Another effective strategy depending on your setup is to limit POST requests based on referrer. It’s not 100% foolproof as referrer information can be spoofed, but I’ve seen used effectively to cut down on illicit POST requests.

# allow POST based on referrer
<IfModule mod_rewrite.c>
	RewriteCond %{REQUEST_URI} /contact\.php [NC]
	RewriteCond %{HTTP_REFERER} !(.*)example.com(.*) [NC]
	# RewriteCond %{HTTP_USER_AGENT} ^$
	RewriteRule .* - [F,L]

In this code, replace /contact\.php with your own file(s), and also replace example.com with your own domain name. Once in place, this technique will deny any POST request that isn’t sent from your domain.

Note that a commented-out exception is included to allow blank/empty user agents. This may be required depending on the functionality of the protected resource. If you uncomment/enable that line, make sure to add an [OR] flag to the previous line (the one with example.com).

Advanced POST control

In the previous techniques, we use a variety of sever variables to control access of POST requests. So in addition to each of these variables:


..we may use any of the variables available to mod_rewrite. For example, if the server is getting hammered by obnoxious POST requests from the following host:


# deny POST based on host
<IfModule mod_rewrite.c>
	RewriteCond %{HTTP_HOST} .*(dfw\.dsl-w\.verizon\.net).* [NC]
	RewriteRule .* - [F,L]

To learn more about controlling traffic based on server variables, check out Eight Ways to Blacklist with Apache’s mod_rewrite.

Testing POST requests

A key part of implementing .htaccess techniques is testing thoroughly. As discussed, it’s possible to record the content of POST requests using the following line of PHP:

$post_vars = clean(file_get_contents('php://input'));

Let’s focus a bit more and walk through and example of this technique. Consider the following plan:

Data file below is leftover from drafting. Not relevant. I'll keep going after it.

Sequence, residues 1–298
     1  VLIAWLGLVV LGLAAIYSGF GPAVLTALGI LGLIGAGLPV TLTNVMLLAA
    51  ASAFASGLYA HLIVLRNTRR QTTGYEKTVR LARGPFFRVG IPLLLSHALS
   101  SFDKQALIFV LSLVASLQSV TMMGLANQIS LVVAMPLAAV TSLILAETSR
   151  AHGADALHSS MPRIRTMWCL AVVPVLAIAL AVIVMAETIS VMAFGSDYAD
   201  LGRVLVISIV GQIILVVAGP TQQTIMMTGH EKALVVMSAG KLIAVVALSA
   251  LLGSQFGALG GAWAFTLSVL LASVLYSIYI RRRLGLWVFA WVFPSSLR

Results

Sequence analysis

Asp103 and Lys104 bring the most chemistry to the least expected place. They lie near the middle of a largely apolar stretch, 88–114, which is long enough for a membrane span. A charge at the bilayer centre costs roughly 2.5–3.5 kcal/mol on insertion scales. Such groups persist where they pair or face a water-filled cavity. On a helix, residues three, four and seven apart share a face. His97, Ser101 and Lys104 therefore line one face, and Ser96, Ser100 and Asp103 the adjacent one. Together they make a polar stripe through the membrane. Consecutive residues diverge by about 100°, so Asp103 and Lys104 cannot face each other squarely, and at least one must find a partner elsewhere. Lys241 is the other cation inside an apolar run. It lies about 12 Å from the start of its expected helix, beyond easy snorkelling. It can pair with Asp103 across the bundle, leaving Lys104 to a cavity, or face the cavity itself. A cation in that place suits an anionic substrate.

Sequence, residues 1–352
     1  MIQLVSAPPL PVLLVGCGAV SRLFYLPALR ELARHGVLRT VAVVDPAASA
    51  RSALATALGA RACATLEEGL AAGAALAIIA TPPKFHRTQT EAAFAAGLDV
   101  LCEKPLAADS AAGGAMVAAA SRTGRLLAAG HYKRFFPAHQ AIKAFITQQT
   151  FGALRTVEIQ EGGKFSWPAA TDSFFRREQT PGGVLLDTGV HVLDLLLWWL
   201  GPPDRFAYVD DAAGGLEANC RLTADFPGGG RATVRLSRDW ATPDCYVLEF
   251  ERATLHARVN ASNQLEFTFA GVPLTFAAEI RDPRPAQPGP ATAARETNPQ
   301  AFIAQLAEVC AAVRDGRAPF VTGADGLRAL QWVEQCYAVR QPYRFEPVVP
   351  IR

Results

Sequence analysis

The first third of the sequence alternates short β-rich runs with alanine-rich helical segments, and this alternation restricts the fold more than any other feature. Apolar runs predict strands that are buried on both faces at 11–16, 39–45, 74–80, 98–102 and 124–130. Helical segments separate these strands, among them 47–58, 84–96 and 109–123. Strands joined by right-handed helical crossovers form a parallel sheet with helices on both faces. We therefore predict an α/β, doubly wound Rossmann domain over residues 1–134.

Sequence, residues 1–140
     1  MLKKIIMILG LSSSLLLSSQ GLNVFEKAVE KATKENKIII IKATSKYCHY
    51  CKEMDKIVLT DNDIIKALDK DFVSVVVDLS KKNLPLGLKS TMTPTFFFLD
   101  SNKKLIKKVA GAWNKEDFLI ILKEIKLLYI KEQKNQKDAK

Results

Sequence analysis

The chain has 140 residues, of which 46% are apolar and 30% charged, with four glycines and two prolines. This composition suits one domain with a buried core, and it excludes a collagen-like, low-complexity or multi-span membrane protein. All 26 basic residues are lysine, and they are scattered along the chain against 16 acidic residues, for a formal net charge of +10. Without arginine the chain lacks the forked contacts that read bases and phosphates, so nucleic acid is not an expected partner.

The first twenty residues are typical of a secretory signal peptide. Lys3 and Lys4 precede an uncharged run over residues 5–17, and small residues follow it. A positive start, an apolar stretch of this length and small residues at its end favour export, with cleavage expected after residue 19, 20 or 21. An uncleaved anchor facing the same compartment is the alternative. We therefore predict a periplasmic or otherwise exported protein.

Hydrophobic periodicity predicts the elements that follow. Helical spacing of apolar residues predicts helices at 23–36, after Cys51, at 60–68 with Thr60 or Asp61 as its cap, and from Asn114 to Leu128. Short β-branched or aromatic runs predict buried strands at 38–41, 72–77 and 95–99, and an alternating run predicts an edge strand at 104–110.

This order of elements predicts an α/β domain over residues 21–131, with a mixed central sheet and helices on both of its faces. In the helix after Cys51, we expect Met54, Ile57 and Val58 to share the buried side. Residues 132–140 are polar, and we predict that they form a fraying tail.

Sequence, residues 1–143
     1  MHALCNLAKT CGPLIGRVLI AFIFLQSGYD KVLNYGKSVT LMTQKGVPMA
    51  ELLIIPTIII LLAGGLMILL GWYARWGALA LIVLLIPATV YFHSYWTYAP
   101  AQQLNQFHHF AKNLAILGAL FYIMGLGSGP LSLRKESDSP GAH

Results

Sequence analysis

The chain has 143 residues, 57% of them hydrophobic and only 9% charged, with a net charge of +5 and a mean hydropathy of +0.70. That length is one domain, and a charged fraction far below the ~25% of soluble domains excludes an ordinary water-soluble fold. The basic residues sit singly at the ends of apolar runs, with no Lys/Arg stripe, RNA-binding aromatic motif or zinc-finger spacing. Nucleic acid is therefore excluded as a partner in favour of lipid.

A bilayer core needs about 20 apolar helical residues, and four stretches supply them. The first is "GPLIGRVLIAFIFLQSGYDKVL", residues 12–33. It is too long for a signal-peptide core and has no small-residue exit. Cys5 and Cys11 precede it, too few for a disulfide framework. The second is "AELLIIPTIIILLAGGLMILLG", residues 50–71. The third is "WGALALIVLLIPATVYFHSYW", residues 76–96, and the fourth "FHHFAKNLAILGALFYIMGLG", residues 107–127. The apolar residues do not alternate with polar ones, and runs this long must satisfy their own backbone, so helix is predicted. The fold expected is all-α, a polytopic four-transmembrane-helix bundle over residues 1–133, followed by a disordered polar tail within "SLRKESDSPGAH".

1. Set up a simple email alert for all POST requests
  2. After detecting foul play, use .htaccess to deny access
  3. Use available tools to test thoroughly the new .htaccess directives

These basic steps may be used to develop a personalized strategy for protecting against malicious POST requests. With simplicity in mind, here’s one way to set it up.

Step 1: PHP

Create a new PHP file named error-handler.php (or whatever). Inside, include this code:

$email = 'email@example.com';
$subject = 'Testing POST requests';
$remote_ip = $_SERVER['REMOTE_ADDR'];
$remote_host = $_SERVER["REMOTE_HOST"];
$user_agent = $_SERVER['HTTP_USER_AGENT'];
$protocol = $_SERVER['SERVER_PROTOCOL'];
$post_vars = file_get_contents('php://input');
$message = 'IP: ' . $remote_ip . "\n";
$message .= 'HOST: ' . $remote_host . "\n";
$message .= 'User Agent: ' . $user_agent . "\n";
$message .= 'Method: ' . $method . "\n";
$message .= 'Protocol: ' . $protocol . "\n";
$message .= 'POST Vars: ' . $post_vars . "\n";
if ($method == 'POST') mail($email, $subject, $message);

This is a much-simplified version of the 404 script posted at WP-Mix, so feel encouraged to customize as desired.

Important: the variables defined in the previous snippet are unescaped, so please make sure to sanitize them properly before using this script on a live site.

Note that currently the script only reports POST errors; to monitor all 403 and 404 requests, modify the last line like so:

mail($email, $subject, $message);

Step 2: .htaccess

With our PHP error-handler in place, add the following directives to the root .htaccess file:

ErrorDocument 403 /error-handler.php
ErrorDocument 404 /error-handler.php

These lines instruct Apache to serve the handler script for all 404 and 403 errors. It’s not meant to be a permanent modification, rather just long enough to collect see what’s happening with POST requests on your domain.

Note that any long-term error monitoring script should also send the proper headers given the type of response. For now, we’re gonna keep it simple and continue with the tutorial.

Step 3: monitoring

With our basic monitoring system in place, it’s time to kick back and wait for something to bite. Depending on how much traffic flows through your site, collecting data may require more or less time.

For this example, let’s say that we see a disconcerting number of malicious POST requests reporting the following info:

HOST: 88-190-61-193.rev.horrible-host.com
User Agent: Mozilla/5.0 (Windows NT 6.1; WOW64) AppleWebKit/537.4 (KHTML, like Gecko) Chrome/22.0.1229.92 Safari/537.4
Method: POST
Protocol: HTTP/1.0
POST Vars: name=AdhedAtmord&email=east2013756%40mail.ru&message=http%3A%2F%2Fwww.watchdorm.com%2F%0D%0A++++%E5%B8%82%E4%BE%A1%E3%81%AE%E5%8D%81%E5%88%86%E3%81%AE%E4%B8%80%E3%81%BB%E3%81%A9%E3%81%AE%E3%82%82%E3%81%AE%E3%82%82%E4%B8%80%E5%BA%A6%E3%80%81%E7%A9%BA%E6%B8%AF%E3%81%BE%E3%81%A7%E3%81%AF%E7%B4%8420%E5%88%86%E3%81%A7%E3%81%99%E3%80%82.%0D%0A++++&contact_submit=Send

With this sort of information, we’re well-equipped to crack down on bad POST requests using the previously covered techniques.

Step 4: controlling access

Armed with details of the types of POST requests we would like to block, we notice that most of the requests are reporting, say, “Super_Spam_Sucker” as a common user agent.